Growing through Injuries. Being smart and not a sissy.

It’s unfortunate but true; it sometimes takes a series of brutally depressing, disappointing, disturbing, heartbreaking, twisted, gruesome (is this going to far??  …point made?) events to find the beauty in those things we take for granted in our daily grind.  Hopefully, we don’t have to get as far as gruesome to come to this realization, but better late than never.   In this past summer, I’ve had three of my dearest friends – Evan Copland, Elena D’amario, and Sarah Braverman – out of commission from dancing due to major injuries.  Just to give some of their contextual backstory, this was the longest break they’ve had from dance ever in their lives.  Not only are these dancers not able to move their bodies in the extreme ways our profession demands, but they are also unable to walk around and enjoy the mobility of “normal people,” something we all forget is a luxury.

So straight from the horse’s mouth.  Here’s the scoop on Evan’s, Elena’s, and Sara’s injuries and their words of wisdom from their altered perspectives us healthy and able-bodied folks just can’t embody:

Evan – 27 and one of the most versatile and nasty dancers (nasty’s not the first word that pops out of my mouth when describing damn good dancing, but believe it would slip out of his and serves as a perfect description) with the purest of hearts I know.  He was on tour with Sean Curran in Karkol in the Kyrgyz Republic, dancing in the last piece of the final show of a month long tour; he did two little runs on stage followed by a precipitaté that did not end as sweetly as inclined.  Heard offstage, something snapped loudly.  That was just his entrance.  He proceeded to finish his duet and even attempted to go back on stage for the final section in the true committed animal he is, but he couldn’t stand.  Evan broke his fifth metatarsal just below the joint, in a place where there is no blood flow which means an agonizingly slow healing process.  What always impresses me about Evan is his complete level-headedness about his injury (shout out to Dharma Punks and his Buddhist approach to life).  He’s not one to waste his energy being unnecessarily upset or stressed about a situation he simply cannot change.  His initial concern was letting down his dance family.  He primarily dances for Shen Wei Dance Arts and working with Sean was a project that conveniently slipped into his schedule during time off.  Shen Wei was just about to start rehearsals and a series of touring, now sans Evan.  As much as we dance for the love of the art, we do it endlessly for those beside us – who we sweat with, go on these performative journeys with, who we partner and support.  This support was graciously reciprocated back in his time of need and leaving Evan feeling blessed and positive.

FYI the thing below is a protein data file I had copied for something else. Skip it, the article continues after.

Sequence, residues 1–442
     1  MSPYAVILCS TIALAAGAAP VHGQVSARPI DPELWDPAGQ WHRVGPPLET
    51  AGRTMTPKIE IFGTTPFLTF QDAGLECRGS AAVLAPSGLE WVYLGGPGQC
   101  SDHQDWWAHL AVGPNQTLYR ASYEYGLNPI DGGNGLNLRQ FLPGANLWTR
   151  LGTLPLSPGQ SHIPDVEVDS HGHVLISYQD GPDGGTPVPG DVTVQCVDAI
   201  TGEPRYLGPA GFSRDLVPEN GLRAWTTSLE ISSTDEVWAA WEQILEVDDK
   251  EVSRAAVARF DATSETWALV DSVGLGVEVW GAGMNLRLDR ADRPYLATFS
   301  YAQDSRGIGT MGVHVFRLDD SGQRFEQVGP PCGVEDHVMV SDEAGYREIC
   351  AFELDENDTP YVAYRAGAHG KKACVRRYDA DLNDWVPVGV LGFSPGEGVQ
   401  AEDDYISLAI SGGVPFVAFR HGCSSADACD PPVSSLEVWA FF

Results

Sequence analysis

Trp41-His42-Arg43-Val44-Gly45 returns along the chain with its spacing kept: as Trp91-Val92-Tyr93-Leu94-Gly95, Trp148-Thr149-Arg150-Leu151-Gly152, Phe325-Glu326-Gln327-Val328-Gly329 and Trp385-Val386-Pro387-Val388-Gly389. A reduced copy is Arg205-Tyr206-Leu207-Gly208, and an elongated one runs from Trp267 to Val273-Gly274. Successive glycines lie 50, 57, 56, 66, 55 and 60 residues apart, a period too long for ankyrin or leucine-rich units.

A major challenge to Evan’s inner zen came with his doctor visits and unmet expectations (hard not to have ’em but damn unnecessary expectations…).  He would be expecting his recovery to be more advanced; wanting to be told to get off the crutches, or remove his oh-so-fashion forward sleek boot sooner than allowed.  With some patience and fatiguing dedication to PT work, his first day of sneakers, August 10th, eventually came.  The same day he shaved his head.  Fresh start.  This time off made him evaluate his life choices; does he want to focus on performing or teaching?  How does he want to direct this next chapter in his life and career?  He has come back with a broadened perspective.  He is not just a Shen Wei dancer but is passionate about outreach and moving in an endless number of ways.  And now, talking with Evan is as contagious as ever.  He’s amped up to start dancing again and dive head first into classes; not too shabby of a place to be.  The injury was a blessing in disguise; he was forced to address what he wanted and head back to his passion with this new experience under his belt.

Elena – 21 year old stunning Italian beauty on and off stage was dancing with a meniscus tear for 9 months (amazing how the body can function when the surrounding muscles are there to support – thank you training!).  Yes, that means it was torn all throughout our Joyce season and full 6-week, non-stop Italian tour until it actually flipped over during swift, consecutive sauté de basque turns during the Parsons Summer Intensive.  Her thoughts?  It’s more psychological work over physical.  While not able to dance, something she has clearly done her whole life, the internal struggle comes to identity.  “Who am I?  Am I interesting still?”  We tend to identify ourselves as dancers, and this gift elevates our self worth; the reason others find me attractive and likable is because of my relationship with dance.  How unfortunately comprehensible, but utterly untrue.  Elena piggybacked this personal conundrum with filling her life with other activities she typically doesn’t have time for and started taking pride in the other things she loves to do beyond dance.  There are innumerable facets of our personality that make us beautifully individual and we are so much more than what we do (how much I can hate that as a first question when meeting someone fresh….).  Also, she now has a new found perspective on how fortunate us dancers are to do what we love, which puts complaining on the petty minutiae of the daily grind completely out of the question.